Sex-specific effects of chronic stress on intestinal health and depression-like behaviours
|Abstract:||Major depressive disorder (MDD) is the leading cause of disability worldwide. Still, common antidepressants are ineffective in 30-50% of treated patients, highlighting that biological mechanisms remain to be elucidated. MDD has high comorbidity with gastrointestinal disorders including patterns of microbiota dysbiosis and inflammatory peripheral markers, suggesting enhanced intestinal permeability in these patients. Chronic stress, the main environmental risk factor for MDD is linked to intestinal barrier deterioration and dysregulated gut-brain signalling. Therefore, we investigate effects of chronic stress on manifestations of intestinal permeability in both male and female mouse models of depression. Sequencing showed altered microbial populations post-stress. Furthermore, gene expression of intestinal tight junctions was altered with sex-specific effects, dependent on stress type and duration. Certain tight junction changes associated with resilience or susceptibility to the stress exposure, as determined by behavioural tests. We also identified Lipopolysaccharide binding protein (LBP) as a potential biomarker related to susceptibility to chronic stress. By investigating individual and sex differences, our results will be contributing to the knowledge of molecular mechanisms underlying vulnerability or resilience to chronic stress. As women have roughly a twofold higher risk of developing depression, identifying sex differences is particularly relevant. These studies will help to develop more effective and appropriate therapeutic strategies for the treatment of depression and possibly identify biomarkers which are greatly needed in the field. Targeting the intestinal barrier and potentially promoting barrier integrity, future treatments could have positive downstream effects on peripheral and central inflammatory pathways implicated in depression.|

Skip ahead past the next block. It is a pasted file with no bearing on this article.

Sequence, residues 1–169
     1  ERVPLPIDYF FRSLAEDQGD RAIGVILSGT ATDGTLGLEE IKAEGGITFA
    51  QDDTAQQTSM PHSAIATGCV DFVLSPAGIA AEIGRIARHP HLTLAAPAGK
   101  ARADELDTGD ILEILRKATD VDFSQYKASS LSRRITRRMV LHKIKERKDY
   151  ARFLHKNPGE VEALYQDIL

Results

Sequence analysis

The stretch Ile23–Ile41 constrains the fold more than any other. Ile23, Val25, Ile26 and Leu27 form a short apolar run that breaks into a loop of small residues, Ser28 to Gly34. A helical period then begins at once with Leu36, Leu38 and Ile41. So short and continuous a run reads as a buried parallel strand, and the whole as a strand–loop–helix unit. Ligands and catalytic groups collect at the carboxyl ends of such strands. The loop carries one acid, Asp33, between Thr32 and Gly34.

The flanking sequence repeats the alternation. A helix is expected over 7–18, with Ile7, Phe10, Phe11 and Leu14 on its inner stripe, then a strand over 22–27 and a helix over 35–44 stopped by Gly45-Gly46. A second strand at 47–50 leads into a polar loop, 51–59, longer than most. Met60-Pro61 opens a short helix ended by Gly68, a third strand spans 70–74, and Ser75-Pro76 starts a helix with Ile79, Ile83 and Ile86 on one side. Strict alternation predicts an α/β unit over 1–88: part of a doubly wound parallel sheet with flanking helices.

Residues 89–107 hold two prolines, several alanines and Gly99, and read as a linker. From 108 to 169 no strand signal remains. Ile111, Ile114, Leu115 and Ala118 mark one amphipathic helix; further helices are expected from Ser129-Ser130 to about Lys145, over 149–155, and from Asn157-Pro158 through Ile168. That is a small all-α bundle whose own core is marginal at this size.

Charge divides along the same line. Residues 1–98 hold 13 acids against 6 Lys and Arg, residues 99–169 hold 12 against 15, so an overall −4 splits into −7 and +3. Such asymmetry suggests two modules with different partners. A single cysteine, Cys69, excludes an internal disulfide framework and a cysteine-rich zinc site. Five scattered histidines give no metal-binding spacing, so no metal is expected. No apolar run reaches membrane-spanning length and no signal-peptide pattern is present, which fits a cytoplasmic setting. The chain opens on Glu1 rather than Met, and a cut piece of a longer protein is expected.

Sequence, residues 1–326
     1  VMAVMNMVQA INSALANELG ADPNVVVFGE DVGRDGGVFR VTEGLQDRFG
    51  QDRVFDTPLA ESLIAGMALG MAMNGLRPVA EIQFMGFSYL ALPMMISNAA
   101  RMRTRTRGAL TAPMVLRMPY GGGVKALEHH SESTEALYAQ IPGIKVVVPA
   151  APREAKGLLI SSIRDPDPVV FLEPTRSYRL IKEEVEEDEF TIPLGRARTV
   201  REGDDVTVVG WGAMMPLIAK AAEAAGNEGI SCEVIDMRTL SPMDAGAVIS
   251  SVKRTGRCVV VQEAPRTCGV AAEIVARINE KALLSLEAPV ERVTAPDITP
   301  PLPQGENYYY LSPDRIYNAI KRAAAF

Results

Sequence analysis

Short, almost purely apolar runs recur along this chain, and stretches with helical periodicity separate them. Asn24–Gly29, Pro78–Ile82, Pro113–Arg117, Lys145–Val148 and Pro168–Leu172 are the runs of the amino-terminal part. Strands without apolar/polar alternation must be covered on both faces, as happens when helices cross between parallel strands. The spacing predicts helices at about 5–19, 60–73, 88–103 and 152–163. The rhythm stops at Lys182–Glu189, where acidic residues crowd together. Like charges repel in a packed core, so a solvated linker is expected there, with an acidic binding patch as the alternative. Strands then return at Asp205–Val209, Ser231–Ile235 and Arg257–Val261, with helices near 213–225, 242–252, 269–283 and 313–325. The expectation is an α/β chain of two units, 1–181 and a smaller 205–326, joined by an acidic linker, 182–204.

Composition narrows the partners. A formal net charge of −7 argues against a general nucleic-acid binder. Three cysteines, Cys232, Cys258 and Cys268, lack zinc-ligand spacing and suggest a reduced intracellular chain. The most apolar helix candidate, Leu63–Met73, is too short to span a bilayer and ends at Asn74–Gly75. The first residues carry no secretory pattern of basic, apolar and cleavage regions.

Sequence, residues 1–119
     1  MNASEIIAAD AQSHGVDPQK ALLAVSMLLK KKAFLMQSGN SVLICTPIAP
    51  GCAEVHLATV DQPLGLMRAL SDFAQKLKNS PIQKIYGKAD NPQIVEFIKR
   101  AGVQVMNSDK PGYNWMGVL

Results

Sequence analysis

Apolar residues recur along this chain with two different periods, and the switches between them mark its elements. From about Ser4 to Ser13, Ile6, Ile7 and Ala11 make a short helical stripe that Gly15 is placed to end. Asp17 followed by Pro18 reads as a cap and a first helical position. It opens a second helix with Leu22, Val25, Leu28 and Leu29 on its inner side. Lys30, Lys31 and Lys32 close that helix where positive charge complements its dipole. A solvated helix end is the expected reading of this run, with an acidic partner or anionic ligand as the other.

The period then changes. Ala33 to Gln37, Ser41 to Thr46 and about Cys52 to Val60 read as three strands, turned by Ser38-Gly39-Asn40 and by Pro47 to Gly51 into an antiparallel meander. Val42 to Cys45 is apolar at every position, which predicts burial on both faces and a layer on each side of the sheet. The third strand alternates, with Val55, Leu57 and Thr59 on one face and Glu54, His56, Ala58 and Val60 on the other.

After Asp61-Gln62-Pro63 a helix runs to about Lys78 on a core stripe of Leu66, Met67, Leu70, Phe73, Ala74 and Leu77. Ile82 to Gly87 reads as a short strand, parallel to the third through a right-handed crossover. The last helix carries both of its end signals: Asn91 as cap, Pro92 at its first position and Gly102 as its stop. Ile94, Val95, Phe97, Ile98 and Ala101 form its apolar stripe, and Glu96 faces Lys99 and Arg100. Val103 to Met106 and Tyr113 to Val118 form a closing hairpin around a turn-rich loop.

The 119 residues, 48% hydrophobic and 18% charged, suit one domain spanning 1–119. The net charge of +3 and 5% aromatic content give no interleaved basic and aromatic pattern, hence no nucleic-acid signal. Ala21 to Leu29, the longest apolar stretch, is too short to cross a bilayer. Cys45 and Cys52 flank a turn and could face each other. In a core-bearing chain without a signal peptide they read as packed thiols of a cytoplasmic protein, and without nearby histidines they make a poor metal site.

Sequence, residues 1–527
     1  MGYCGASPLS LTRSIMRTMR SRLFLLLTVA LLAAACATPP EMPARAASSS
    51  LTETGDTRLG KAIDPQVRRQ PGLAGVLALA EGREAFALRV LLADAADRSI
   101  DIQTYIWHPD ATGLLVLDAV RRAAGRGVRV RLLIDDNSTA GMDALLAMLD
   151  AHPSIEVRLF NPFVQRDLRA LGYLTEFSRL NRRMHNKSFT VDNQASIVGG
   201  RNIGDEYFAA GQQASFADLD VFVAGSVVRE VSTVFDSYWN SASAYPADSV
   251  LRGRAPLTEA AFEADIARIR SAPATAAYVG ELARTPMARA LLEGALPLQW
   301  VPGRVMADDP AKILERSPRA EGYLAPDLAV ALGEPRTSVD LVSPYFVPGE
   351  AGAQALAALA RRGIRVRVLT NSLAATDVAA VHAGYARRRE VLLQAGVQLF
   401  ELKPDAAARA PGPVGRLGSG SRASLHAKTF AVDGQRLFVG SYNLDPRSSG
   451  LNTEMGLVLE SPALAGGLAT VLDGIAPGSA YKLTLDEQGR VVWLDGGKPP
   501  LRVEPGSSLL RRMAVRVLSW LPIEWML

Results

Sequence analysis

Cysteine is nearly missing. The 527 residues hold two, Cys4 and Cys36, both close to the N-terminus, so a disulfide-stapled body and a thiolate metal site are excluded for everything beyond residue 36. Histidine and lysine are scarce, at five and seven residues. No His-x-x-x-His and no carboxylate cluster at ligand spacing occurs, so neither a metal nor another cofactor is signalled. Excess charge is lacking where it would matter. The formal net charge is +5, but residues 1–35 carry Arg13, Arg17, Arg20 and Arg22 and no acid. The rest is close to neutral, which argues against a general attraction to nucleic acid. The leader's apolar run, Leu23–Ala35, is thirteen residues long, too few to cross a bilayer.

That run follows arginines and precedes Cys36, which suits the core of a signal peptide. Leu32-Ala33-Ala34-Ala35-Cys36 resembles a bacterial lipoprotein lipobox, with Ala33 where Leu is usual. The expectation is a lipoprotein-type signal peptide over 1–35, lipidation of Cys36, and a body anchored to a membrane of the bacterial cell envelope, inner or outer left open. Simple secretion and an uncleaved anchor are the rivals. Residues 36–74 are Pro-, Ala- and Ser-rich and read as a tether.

|Document Type:||Mémoire de maîtrise|
|Open Access Date:||2 May 2022|
|Collection:||Thèses et mémoires|
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